Economic Theory

, Volume 49, Issue 2, pp 353–369

Nested externalities and polycentric institutions: must we wait for global solutions to climate change before taking actions at other scales?

Authors

    • Workshop in Political Theory and Policy AnalysisIndiana University
    • Center for the Study of Institutional DiversityArizona State University
Symposium

DOI: 10.1007/s00199-010-0558-6

Cite this article as:
Ostrom, E. Econ Theory (2012) 49: 353. doi:10.1007/s00199-010-0558-6

Abstract

The literature on global climate change has largely ignored the small but positive steps that many public and private actors are taking to reduce greenhouse gas emissions. A global policy is frequently posited as the only strategy needed. It is important to balance the major attention on global solutions as the only strategy for coping with climate change. Positive actions are underway at multiple, smaller scales to start the process of climate change mitigation. Researchers need to understand the strength of polycentric systems where enterprises at multiple levels may complement each other. Building a global regime is a necessity, but encouraging the emergence of a polycentric system starts the process of reducing greenhouse gas emissions and acts as a spur to international regimes to do their part.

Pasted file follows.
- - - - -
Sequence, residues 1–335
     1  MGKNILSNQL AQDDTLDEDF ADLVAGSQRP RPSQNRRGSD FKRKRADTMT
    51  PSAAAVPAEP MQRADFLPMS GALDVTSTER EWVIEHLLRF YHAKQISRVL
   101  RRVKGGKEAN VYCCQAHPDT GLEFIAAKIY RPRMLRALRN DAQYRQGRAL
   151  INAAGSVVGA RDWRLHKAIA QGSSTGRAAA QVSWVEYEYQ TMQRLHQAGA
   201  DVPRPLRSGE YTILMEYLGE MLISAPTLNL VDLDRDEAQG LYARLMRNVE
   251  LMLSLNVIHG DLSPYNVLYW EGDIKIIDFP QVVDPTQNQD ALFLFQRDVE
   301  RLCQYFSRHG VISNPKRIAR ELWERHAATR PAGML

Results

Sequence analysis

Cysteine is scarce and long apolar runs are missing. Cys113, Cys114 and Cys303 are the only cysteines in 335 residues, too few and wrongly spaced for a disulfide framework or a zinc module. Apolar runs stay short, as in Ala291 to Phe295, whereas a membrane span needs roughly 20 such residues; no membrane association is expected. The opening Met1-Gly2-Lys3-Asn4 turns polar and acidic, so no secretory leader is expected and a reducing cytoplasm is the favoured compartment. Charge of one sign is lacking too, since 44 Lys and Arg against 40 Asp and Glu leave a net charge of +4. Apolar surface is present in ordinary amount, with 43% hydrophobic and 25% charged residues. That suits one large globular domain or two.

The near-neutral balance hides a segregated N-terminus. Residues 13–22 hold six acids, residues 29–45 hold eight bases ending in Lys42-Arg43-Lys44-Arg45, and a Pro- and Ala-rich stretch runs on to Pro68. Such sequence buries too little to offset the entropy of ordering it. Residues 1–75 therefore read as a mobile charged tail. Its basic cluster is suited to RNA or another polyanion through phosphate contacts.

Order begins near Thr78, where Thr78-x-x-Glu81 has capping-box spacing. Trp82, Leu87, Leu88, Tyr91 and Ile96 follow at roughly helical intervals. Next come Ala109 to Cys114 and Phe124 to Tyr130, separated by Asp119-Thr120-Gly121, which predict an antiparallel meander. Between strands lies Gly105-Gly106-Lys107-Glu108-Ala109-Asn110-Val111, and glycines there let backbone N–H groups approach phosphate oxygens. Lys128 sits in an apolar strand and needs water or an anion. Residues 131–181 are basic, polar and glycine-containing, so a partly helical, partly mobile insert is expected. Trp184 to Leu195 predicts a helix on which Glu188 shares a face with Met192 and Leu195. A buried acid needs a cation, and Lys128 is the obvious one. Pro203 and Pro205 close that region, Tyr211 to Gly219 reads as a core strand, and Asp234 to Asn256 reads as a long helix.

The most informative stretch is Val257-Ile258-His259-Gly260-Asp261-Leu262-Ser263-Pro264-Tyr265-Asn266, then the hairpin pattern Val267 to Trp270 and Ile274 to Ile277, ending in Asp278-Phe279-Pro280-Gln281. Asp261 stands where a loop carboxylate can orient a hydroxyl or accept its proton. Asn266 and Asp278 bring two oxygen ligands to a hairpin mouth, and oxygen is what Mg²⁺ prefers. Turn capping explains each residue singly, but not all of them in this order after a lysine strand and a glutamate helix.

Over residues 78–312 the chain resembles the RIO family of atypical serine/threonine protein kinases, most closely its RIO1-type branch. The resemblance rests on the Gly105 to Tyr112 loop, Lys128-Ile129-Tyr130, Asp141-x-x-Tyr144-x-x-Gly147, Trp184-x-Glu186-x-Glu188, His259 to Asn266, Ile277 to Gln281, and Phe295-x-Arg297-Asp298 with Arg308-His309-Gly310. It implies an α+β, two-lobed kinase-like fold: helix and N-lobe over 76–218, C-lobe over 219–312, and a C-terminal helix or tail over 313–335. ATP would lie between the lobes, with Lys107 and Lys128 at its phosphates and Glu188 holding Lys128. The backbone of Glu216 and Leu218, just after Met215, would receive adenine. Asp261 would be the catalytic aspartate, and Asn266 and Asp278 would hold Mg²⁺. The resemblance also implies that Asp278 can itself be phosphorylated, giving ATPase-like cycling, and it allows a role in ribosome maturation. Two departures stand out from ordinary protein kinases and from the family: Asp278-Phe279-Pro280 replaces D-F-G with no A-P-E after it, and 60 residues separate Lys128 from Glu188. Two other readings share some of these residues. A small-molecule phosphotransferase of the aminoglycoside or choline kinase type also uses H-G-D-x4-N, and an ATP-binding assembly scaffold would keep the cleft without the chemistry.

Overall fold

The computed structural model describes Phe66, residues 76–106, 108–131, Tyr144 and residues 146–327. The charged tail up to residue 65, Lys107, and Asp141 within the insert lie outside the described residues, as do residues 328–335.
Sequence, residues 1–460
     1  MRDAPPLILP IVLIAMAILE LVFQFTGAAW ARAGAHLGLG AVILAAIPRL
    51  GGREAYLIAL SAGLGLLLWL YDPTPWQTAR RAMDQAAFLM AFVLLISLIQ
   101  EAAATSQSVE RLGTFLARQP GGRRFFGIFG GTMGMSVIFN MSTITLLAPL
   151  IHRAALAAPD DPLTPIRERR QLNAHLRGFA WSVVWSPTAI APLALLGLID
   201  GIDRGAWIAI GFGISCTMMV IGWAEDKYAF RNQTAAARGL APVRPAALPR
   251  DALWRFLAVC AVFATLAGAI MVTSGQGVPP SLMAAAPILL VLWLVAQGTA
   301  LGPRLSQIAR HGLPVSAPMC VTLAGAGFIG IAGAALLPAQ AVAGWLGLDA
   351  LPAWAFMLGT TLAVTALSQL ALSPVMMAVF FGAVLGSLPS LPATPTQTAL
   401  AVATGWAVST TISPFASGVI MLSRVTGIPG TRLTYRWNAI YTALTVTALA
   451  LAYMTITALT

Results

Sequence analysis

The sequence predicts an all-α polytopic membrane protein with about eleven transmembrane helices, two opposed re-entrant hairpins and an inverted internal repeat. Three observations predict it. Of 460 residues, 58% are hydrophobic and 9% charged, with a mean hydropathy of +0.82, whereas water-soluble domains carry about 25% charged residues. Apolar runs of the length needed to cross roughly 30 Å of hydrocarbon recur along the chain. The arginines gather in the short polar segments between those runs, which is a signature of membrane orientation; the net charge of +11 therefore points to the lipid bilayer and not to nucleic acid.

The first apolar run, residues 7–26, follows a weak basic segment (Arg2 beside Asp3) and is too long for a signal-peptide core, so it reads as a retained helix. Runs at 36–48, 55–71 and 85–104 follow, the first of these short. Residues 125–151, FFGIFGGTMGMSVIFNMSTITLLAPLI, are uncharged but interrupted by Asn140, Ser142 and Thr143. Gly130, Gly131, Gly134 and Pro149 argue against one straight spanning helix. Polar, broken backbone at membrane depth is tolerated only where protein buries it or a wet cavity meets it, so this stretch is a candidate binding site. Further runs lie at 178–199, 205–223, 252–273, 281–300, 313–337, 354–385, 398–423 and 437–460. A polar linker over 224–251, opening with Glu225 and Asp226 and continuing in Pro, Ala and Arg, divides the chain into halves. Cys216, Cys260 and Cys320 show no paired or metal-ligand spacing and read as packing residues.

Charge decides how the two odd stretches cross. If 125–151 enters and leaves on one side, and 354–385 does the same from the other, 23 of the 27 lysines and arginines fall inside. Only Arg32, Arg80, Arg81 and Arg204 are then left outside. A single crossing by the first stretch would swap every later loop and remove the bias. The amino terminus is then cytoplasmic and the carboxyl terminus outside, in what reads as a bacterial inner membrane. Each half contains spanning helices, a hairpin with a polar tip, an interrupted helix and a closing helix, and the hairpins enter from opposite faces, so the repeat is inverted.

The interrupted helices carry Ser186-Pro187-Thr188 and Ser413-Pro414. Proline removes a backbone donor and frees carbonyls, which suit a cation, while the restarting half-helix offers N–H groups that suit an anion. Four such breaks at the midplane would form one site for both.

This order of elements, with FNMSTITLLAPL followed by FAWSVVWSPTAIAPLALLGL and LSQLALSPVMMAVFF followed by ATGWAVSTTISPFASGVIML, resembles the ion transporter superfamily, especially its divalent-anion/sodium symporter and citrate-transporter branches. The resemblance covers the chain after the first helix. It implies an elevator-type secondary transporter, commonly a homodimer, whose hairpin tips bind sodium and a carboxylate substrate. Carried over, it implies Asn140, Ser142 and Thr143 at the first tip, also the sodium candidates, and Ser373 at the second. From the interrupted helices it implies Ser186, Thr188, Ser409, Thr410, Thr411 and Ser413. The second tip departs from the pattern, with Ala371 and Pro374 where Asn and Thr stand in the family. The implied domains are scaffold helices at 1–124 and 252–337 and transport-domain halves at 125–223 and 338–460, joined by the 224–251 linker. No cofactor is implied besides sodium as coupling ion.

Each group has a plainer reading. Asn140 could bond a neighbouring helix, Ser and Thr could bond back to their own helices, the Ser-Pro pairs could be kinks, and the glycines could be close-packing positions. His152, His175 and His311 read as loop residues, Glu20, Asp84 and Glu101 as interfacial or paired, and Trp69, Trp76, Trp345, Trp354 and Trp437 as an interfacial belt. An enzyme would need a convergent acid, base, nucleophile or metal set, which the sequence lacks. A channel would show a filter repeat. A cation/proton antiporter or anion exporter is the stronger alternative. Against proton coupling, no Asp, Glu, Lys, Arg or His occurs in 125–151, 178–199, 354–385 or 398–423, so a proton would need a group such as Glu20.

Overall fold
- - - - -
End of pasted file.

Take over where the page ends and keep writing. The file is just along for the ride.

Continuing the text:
Keywords

Global public goodsClimate policyCollective-action theory

JEL Classification

H4Q2

Copyright information

© Springer-Verlag 2010